Ane Brun “Duets” Review
Published in Blog Archive, Culture Bully. Tags: Album Reviews, Music.
A tremendous thing happened to me while listening to this album. The realization of just how dense I truly am popped out at me as it finally occurred to me that Ane Brun is a folk singer. I hadn’t really considered this too much as I usually tend to think of Guthrie, Seeger and Baez when I think of folk. However something changed that; in reference to Brun’s US debut, A Temporary Dive, “The US debut by this winsome, warbling Norwegian suggests the oddball folk movement of US acts like Banhart and Joanna Newsom is resonating.” This suggestion from the May 4, 2006 edition of Rolling Stone changed my entire view of Brun and her music (but not really). Instead of my previous thoughts that “this album (A Temporary Dive) is a beautifully expressive warp of emotion, stressing not merely abstract love but the despair and all that follows,” I can now see that she’s a mere neo-folkie. Again – maybe, maybe not.
Duets takes a look at a year’s worth of collaboration between Brun and a vast list of her compadres. This is a perfect outlet for such a body of work as I see Brun as a collaborative artist in the truest form of the term. After studying her songs she comes across as something of a sponge, not simply regurgitating others’ influences, but rather her music has a unique quality which sensibly reflects those influences in its own way. With that, her voice has a tendency of finding a home in a variety of differing sounds and in a wide variety of relationships.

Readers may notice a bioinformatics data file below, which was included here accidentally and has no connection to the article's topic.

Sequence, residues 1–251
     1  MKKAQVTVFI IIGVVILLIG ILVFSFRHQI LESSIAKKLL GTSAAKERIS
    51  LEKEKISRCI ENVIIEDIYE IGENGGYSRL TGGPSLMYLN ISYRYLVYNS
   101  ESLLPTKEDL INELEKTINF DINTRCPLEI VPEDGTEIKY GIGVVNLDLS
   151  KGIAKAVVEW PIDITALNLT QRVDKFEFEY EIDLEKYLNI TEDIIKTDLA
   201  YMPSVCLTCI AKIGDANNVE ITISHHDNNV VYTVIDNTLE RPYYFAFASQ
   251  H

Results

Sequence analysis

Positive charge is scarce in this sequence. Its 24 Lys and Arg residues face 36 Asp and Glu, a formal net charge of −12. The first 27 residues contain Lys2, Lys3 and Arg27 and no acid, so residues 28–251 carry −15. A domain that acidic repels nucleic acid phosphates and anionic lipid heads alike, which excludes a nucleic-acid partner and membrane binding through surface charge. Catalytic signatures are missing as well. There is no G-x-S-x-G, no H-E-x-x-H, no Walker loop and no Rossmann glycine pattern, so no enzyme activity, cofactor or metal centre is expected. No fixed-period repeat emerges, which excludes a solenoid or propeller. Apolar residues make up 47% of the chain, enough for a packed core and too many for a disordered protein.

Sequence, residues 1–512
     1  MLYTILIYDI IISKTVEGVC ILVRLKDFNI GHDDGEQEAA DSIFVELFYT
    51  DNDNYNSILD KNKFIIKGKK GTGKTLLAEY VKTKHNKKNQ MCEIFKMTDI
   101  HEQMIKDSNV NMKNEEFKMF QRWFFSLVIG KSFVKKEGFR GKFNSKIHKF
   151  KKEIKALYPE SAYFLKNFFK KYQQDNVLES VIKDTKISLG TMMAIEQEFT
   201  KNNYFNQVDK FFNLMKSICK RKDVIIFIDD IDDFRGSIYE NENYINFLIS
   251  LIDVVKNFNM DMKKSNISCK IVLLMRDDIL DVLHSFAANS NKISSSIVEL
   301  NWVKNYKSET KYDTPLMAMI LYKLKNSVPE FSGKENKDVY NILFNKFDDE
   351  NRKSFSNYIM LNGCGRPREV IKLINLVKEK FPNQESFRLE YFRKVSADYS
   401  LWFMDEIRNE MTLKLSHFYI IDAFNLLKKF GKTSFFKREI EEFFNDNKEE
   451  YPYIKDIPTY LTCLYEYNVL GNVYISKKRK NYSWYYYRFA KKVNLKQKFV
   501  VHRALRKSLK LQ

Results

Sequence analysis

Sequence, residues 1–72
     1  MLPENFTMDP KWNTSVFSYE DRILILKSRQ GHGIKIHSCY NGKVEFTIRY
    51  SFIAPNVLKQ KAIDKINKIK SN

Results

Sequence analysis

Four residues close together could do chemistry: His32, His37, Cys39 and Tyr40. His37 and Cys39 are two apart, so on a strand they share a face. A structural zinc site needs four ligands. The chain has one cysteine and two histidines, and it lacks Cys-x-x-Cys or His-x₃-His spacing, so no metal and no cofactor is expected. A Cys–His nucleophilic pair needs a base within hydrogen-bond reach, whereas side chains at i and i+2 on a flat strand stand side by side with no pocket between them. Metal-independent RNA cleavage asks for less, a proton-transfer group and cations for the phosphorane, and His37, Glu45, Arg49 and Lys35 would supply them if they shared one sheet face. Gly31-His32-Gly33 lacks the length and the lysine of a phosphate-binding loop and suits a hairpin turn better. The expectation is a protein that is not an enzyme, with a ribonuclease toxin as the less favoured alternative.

The depth of the collaborations on this album is outstanding. The Tiny’s Ellekari Larsson’s “Across The Bridge” is a slow, simple, harmony driven undertaking that lends itself as evidence that Brun does some of her best work with others. Brun adds light overtones to Madrugada’s Sivert Høyem’s overwhelmingly powerful voice in “Lift Me,” another key example of her expansive capabilities. A Temporary Dive’s “Rubber Soul” and “Song No. 6” offer key insights into Brun’s songwriting style, which again (without sounding ultra-repetitive) lends itself greatly to collaboration. Duets serves as a snapshot of what’s possible when Brun lends herself to mesh with the abilities of others, but for a more complete look at her work I would highly suggest turning to A Temporary Dive.